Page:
Housing boom, bust left different effects

A variety of Baltimore neighborhoods ended the roller-coaster ride of the past decade with significantly higher home values than at the start, but some communities saw all the gains of the housing bubble erased by the bust.

That's the conclusion of a group of Johns Hopkins University graduate students who analyzed how the turbulent 2000s affected a mix of low-, moderate- and high-income areas in the city. Two recessions, a financial crisis and a housing run-up followed by collapse did not hit every neighborhood equally.Unemployment and foreclosures rose across the board, but home prices were a different story. Some of the 14 neighborhoods the public-policy students analyzed posted big gains compared with 2000. Some had more modest increases. And two - Belair-Edison and Frankford in Northeast Baltimore - lost ground slightly after accounting for inflation.

"They've gone back to where they were in the beginning," Sandra Newman, a Johns Hopkins professor of policy studies who oversaw the research, said of the two neighborhoods. The research results will be presented today to city leaders.

Newman, director of the university's Center on Housing, Neighborhoods and Communities, assigned the " 'Great Recession' in Baltimore Neighborhoods" project because she thought a close scrutiny of how different parts of the city fared during the "tremendously tumultuous" decade would produce intriguing results.

"Other than the year 2000, there hasn't been a year in which some shock hasn't occurred," she said.

Baltimore ended the decade significantly worse off economically than it started - much like the country as a whole. The city's unemployment rate rose from just over 6 percent at the beginning of 2000 to more than 10 percent at the end of 2009, according to estimates from the U.S. Department of Labor. Citywide, employers cut more than 50,000 jobs.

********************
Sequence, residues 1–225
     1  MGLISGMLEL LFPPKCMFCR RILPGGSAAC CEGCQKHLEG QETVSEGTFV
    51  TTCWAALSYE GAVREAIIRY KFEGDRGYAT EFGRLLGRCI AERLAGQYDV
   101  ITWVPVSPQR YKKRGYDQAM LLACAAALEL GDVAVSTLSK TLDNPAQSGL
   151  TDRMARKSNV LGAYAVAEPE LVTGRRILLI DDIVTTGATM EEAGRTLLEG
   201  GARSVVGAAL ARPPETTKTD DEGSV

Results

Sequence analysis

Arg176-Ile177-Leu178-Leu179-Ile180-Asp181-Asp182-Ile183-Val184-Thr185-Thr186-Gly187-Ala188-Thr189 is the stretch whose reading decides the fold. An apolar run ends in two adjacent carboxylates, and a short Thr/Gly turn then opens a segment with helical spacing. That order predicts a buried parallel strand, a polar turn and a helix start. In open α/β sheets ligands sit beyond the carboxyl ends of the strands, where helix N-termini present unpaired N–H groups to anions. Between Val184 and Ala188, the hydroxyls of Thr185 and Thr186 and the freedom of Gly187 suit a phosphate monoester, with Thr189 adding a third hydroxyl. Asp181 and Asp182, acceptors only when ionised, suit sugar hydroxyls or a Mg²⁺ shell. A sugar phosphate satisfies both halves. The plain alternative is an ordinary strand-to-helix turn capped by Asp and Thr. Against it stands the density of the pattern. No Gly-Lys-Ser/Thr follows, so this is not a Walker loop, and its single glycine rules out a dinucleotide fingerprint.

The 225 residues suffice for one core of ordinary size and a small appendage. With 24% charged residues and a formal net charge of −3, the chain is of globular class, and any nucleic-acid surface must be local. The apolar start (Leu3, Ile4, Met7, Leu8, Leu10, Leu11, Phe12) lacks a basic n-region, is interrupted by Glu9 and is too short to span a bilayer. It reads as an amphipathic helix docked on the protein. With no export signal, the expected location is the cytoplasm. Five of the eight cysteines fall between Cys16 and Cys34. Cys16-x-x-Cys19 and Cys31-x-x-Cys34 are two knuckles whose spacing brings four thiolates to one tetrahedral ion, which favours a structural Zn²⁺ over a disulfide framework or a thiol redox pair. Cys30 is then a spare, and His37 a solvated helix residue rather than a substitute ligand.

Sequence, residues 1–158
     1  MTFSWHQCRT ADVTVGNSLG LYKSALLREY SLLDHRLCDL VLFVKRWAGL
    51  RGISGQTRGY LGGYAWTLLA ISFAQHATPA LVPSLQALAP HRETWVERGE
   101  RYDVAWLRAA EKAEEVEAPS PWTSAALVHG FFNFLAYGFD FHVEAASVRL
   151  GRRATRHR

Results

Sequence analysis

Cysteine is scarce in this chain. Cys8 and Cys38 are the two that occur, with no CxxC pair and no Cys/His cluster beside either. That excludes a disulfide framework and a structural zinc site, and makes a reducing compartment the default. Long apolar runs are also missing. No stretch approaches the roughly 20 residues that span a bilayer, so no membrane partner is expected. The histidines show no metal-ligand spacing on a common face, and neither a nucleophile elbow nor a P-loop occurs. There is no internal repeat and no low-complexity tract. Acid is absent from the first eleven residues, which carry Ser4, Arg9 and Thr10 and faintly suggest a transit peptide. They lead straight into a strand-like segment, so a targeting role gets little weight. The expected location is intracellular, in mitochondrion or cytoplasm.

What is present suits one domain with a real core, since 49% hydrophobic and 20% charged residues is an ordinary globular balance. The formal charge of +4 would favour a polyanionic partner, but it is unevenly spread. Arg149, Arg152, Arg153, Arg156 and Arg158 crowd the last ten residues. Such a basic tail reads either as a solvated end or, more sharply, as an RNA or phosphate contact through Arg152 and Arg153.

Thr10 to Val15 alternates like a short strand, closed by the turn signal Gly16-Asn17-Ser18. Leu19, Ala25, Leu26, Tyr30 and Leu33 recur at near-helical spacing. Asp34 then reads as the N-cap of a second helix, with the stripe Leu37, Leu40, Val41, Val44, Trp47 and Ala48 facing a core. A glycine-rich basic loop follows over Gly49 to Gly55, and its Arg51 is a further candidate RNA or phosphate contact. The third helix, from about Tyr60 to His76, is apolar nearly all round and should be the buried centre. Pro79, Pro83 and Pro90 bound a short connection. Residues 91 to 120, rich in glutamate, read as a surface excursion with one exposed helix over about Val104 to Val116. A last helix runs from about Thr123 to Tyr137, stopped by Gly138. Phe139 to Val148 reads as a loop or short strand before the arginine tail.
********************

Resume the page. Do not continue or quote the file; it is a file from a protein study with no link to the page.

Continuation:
But home prices rose so rapidly between 2002 and 2006 in Baltimore that later drops reversed only part of the increase citywide.

That makes the experience of home sellers in Belair-Edison and Frankford all the more dramatic.

The neighboring areas, full of rowhomes and some single-family houses with moderate-income families, both had big run-ups in value during the boom years. By 2009, though, Belair-Edison's median price had fallen to about $60,000 - a nearly 40 percent decline from its peak and just under the typical price in 2000, adjusting for inflation. Frankford's $80,000 median price last year was also just below its 2000 starting point after falling nearly 50 percent from its peak, the Johns Hopkins analysis showed.

Both saw substantial increases in foreclosures, which pull down housing values.

"There's no question those two neighborhoods have been hit pretty hard," said Joseph T. "Jody" Landers III, executive vice president of the Greater Baltimore Board of Realtors.

The students analyzed all home sales at a census-tract level - not just those listed on the multiple-listing service used by real estate agents - and adjusted the figures for inflation to try to show the real change in value.

As a group, the high-income neighborhoods held onto their housing-bubble price gains best.

Mount Washington, a Northwest Baltimore community with sizable houses, had a median sale price of $300,000 last year, down about $75,000 from the peak but still nearly $120,000 above the median price at the start of the decade.

The waterfront community of Canton, which saw a boom in rehabbing in the middle of the decade, finished with a median price of $250,000. That was down about $50,000 from the peak but still up by $100,000 from 2000, according to the analysis.

But it was Wilson Park, a low-income neighborhood just east of tony Guilford, where prices increased the most. Its $70,000 median price at the end of the decade was nearly twice as high as the median in 2000, barely falling after the boom busted, the findings show.

The area has a history of stability, said Drew Zachary, one of the graduate students involved in the research. Wilson Park's core of long-term residents "are very attached to the neighborhood, very proud of it," said Amy-Lynn Matthews, another student researcher.

Matthews was struck by the big differences in price changes from one neighborhood to the next.

"Everybody did see an increase of some sort during the bubble," she said. "It is interesting that there is quite a bit of variation in what happened after that."



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